The conditions used for microscopy are often not “physiological” conditions. If we are talking about live imaging, then the cells are usually in culture, placed on a glass surface and grown in an artificial media. In many cases, we use genetically encoded fluorescent markers, that are rarely inert. These are acceptable and known limitations of the system.
However, when we think about microscopy, we do not often consider to effect of the light itself. The light we use can have deleterious effect. For instance, UV light is known to cause damage to cells, e.g. creating reactive oxygen species (ROS), creating thymidine dimers, cross-linking macromolecules and probably more. That is why people tend to limit the use of fluorescent proteins that are excited by UV light (such as blue fluorescent proteins or some photoactivated proteins).
Yet, visible light is considered relatively harmless. Now, a new study suggests that visible light, particularly blue-green light (which is used to excite green-yellow fluorescent proteins), can affect the metabolic state of the cell. How?
Well, all cells contain light absorbing molecules. Some molecules function as light sensors or light energy harvesting molecules: Chlorophyll, cryptochromes, phytochromes, photoreceptors, rhodopsins, and fluorescent proteins. Other molecules absorb light, e.g. pigments.
However, some cells do not have obvious light sensitive molecules. For example, the budding yeast. In this paper, Carl H. Johnson’s lab looked at the effect of visible light on yeast respiratory oscillations (YRO) and oxidative stress. Apparently, under some conditions, yeast show 1-6hr oscillations of oxygen consumption and metabolite productions. surprisingly, shining white, blue or green light (but not red) has shortened the cycle and decreased the amplitude of oxygen consumption. There was also increased expression of antioxidant enzymes, and increased light sensitivity to oxidative-stress mutants.
The effects of different spectra of light on the YRO. Oscillations were initiated in the dark until stable oscillations formed (black line, left y-axis). Then 12-h treatments of red, blue, or green light were administered (colored lines matching color of light, right y-axis) with 12 h of darkness between treatments. After the application of colored light, two 12-h white light treatments were given. Light intensities of each treatment are shown on the right y-axis and are indicated by numbers under each of the colored or gray lines showing light treatment. Source: Robertson J B et al. PNAS 2013;110:21130-21135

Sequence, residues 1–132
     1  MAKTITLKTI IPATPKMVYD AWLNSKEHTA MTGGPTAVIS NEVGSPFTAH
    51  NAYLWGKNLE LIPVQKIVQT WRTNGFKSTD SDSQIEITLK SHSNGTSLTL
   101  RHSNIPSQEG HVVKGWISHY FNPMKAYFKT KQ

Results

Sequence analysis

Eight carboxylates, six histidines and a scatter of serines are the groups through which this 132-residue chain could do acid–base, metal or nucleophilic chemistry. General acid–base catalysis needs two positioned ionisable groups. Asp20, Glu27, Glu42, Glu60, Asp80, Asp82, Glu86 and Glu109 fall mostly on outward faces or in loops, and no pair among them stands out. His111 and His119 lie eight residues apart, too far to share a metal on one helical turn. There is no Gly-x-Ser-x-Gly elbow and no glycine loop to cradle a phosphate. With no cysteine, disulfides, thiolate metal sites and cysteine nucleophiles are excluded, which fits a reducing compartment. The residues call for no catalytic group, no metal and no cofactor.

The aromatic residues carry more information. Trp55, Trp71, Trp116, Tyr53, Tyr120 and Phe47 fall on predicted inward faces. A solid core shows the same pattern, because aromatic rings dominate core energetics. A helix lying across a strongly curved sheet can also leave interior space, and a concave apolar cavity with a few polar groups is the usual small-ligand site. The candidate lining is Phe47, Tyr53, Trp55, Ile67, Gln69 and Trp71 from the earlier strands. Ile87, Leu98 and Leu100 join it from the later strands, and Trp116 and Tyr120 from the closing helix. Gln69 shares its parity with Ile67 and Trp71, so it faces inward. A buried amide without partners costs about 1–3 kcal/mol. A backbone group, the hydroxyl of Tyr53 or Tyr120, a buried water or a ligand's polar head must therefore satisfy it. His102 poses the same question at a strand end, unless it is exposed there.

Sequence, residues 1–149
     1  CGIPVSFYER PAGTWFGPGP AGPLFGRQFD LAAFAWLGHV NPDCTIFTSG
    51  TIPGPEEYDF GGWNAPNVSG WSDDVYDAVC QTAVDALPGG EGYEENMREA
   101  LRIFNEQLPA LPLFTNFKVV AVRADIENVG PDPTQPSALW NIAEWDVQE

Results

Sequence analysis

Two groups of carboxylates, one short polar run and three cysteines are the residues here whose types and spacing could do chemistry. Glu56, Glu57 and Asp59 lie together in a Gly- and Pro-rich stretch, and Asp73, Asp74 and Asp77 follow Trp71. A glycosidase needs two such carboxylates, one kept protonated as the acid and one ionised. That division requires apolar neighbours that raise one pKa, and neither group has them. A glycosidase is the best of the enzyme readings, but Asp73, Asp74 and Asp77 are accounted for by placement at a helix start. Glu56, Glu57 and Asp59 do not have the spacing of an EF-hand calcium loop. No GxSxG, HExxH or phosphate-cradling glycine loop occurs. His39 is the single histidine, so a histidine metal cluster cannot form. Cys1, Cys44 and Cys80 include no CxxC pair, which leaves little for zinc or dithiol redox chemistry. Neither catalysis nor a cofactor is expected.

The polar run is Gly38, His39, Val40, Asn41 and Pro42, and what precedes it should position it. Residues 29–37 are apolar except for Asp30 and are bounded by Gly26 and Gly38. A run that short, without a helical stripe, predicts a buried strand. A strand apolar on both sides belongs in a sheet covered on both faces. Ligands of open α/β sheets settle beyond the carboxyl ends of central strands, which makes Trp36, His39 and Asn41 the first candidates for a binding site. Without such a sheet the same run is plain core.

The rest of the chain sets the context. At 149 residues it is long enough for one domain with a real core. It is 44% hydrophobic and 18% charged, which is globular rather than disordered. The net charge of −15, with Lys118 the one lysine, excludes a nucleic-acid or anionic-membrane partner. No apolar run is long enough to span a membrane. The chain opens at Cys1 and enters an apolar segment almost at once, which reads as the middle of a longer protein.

Based on several other assays, the authors suggests the blue-green light harms cytochromes in the respiratory electron transport process. Photoinhibition of the electron transport causes accumulation of ROS and oxidative stress response. It is hypothesized that the shortened oscillation periods and reduced amplitude of oxygen consumption (= less respiration) is a cellular mechanism to reduce the photoinhibition to electron transport, thus reduce oxidative damage.
What does this mean to microscopists?
It only suggests that long term exposure to light (either in prolonged live imaging, or just the incubation conditions) can affect the metabolic state of the cell and therefor may have either deleterious effect on the health of the cell, or create false positive or false negative results, particularly in experiments that are designed to study respiration and oxidative stress. Obviously, if you have light sensors or light harvesting molecules, their absorbance wavelengths need to be taken into account.
Practically, it is always a good advice to minimize the exposure to light (which we do anyway to reduce photobleaching).
Robertson JB, Davis CR, & Johnson CH (2013). Visible light alters yeast metabolic rhythms by inhibiting respiration. Proceedings of the National Academy of Sciences of the United States of America, 110 (52), 21130-5 PMID: 24297928